While a suspension of this year’s payouts seems both prudent and probable, I should emphasize that our budget plans for 2009-10 presuppose the resumption of endowment payouts. The level will be determined based on market conditions as the year progresses. The status of the endowment is our most acute financial concern – one that should be self-limited as the world economy stabilizes and investment performance improves. However, as noted previously, the level of government per-student grants in support of our core operations is also uncertain. Caps on government transfers to universities may exacerbate our budget pressures by several million dollars. Should this come to pass, the impact will vary across divisions. Divisions also vary in their reliance on payouts from endowed funds, and in the amount that they contribute to the university’s overall fiscal balance. In these circumstances, any across-the-board budget reductions may have perverse or unfair effects. Similarly, our hope is to avoid a general hiring freeze for 2009 10. Instead, each division of the university, including the central administrative divisions, will be expected to contain costs using measures most appropriate to its specific circumstances.
I should add that the provost continues to review each university division’s budget plans with division heads to assess the division’s prospects of achieving budgetary balance. In this regard, while savings must be realized in operating costs wherever feasible and reasonable, and while all divisions are expected to use “rainy day funds” to the fullest extent possible to navigate this stormy period, we must also be measured in our responses to what is likely to be a medium-term budget crisis. We are certainly not encouraging deficit finance by divisions but that may be a necessary short-term measure in some cases. As a result, it seems unlikely that we can bring the university’s budget to the balance planned for this year in accordance with our fiscal cycle. This is a matter that I and other members of the executive group will be continuing to discuss with governors of the university.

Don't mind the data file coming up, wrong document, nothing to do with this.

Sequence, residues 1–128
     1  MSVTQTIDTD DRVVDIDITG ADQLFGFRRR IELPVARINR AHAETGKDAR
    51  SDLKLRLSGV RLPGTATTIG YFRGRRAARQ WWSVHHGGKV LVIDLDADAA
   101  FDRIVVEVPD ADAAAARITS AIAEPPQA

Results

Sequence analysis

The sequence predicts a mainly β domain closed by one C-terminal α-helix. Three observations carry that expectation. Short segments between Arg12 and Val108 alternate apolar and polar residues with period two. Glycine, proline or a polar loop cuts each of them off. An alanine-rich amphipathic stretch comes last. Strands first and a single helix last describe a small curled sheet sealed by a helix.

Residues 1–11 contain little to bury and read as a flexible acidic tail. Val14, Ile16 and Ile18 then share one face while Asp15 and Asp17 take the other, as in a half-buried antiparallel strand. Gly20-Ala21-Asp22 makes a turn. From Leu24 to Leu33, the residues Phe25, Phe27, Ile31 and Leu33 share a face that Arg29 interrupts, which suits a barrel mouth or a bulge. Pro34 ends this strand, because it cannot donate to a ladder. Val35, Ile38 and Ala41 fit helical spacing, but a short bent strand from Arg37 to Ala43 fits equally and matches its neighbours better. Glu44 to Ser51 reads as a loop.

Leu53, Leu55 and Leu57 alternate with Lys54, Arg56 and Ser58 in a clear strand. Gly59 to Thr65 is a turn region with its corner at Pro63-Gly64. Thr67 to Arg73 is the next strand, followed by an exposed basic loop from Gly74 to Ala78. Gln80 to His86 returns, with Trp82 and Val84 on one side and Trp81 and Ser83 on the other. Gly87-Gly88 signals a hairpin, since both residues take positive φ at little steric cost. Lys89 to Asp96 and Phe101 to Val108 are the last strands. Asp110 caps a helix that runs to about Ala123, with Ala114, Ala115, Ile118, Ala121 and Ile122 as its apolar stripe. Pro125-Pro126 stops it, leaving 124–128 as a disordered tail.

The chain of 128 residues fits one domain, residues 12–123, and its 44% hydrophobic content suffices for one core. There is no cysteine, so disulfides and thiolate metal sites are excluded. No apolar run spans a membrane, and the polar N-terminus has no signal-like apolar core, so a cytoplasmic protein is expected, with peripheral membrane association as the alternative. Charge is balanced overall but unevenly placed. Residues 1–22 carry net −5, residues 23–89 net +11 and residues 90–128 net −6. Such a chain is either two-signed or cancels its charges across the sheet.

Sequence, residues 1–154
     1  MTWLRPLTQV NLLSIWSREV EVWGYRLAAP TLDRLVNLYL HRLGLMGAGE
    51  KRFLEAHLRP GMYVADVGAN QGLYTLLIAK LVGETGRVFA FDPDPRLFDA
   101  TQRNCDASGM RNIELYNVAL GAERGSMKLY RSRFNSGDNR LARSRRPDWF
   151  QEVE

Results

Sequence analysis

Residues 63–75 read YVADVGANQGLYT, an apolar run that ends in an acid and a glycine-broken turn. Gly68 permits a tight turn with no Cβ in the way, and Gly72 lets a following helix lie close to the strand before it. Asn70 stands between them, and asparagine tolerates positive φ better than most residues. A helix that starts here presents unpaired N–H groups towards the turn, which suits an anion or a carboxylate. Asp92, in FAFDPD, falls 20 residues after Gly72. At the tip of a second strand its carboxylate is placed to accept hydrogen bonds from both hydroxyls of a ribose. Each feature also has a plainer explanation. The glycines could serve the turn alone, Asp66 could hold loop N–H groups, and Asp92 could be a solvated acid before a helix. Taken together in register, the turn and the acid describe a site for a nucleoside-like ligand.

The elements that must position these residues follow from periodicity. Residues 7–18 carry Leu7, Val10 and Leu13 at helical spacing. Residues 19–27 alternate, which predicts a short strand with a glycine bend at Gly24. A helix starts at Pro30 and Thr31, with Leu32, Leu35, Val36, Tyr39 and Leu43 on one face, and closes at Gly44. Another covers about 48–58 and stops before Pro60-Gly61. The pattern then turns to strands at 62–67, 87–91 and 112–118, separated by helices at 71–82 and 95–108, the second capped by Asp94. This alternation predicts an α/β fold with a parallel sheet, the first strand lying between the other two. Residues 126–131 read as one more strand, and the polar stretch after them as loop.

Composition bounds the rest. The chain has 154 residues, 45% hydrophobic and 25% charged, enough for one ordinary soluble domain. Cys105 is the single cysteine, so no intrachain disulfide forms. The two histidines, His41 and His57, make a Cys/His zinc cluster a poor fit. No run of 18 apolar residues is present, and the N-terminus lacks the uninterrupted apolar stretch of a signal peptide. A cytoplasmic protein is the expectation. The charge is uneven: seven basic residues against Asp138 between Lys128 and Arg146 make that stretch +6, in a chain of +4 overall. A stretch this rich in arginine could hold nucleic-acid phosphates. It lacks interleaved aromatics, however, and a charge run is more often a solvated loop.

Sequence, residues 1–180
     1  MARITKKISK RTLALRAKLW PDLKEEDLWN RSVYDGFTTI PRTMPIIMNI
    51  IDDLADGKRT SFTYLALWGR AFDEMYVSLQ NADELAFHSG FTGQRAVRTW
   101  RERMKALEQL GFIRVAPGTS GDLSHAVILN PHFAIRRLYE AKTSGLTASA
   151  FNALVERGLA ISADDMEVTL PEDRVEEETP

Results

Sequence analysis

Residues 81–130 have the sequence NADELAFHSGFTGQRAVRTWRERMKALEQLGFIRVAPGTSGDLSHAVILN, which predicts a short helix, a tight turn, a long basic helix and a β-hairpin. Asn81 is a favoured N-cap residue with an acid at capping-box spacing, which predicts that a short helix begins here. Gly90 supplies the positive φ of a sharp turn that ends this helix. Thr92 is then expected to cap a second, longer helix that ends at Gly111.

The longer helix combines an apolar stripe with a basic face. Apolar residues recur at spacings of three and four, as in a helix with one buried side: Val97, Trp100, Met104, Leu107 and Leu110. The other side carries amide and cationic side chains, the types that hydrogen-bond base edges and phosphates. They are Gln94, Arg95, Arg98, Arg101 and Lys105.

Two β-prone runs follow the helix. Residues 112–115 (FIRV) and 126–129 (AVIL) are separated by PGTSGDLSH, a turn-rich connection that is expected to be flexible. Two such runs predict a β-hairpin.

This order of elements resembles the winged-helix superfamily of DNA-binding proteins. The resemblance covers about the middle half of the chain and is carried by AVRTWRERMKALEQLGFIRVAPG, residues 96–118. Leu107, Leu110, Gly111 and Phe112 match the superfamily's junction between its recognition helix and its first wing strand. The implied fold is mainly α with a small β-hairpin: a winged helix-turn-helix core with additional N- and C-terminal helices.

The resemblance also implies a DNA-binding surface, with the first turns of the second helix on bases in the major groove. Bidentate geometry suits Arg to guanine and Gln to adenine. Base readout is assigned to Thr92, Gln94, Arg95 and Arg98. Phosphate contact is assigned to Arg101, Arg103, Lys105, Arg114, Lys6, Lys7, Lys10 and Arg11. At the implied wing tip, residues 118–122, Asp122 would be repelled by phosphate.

It is worth remembering that though these are difficult times everywhere, the University of Toronto is faring as well or better than many of its peer institutions across Canada and, indeed, throughout North America. As well, the higher-education sector in general has so far been spared some of the massive restructuring confronting other sectors of the economy.
A university president has no special expertise in economic prognostication and I cannot predict the duration of this downturn. Some pundits expect the current fiscal crisis to continue for at least 18 months, but then again, few of these same pundits foresaw the current trouble! Thus, we must simply wait and see how fast the economy recovers. While the timing of a recovery is uncertain, two things are clear. First, there will indeed be a recovery. And second, thanks to the excellence of our faculty, staff, students, alumni and friends, we shall weather this storm successfully.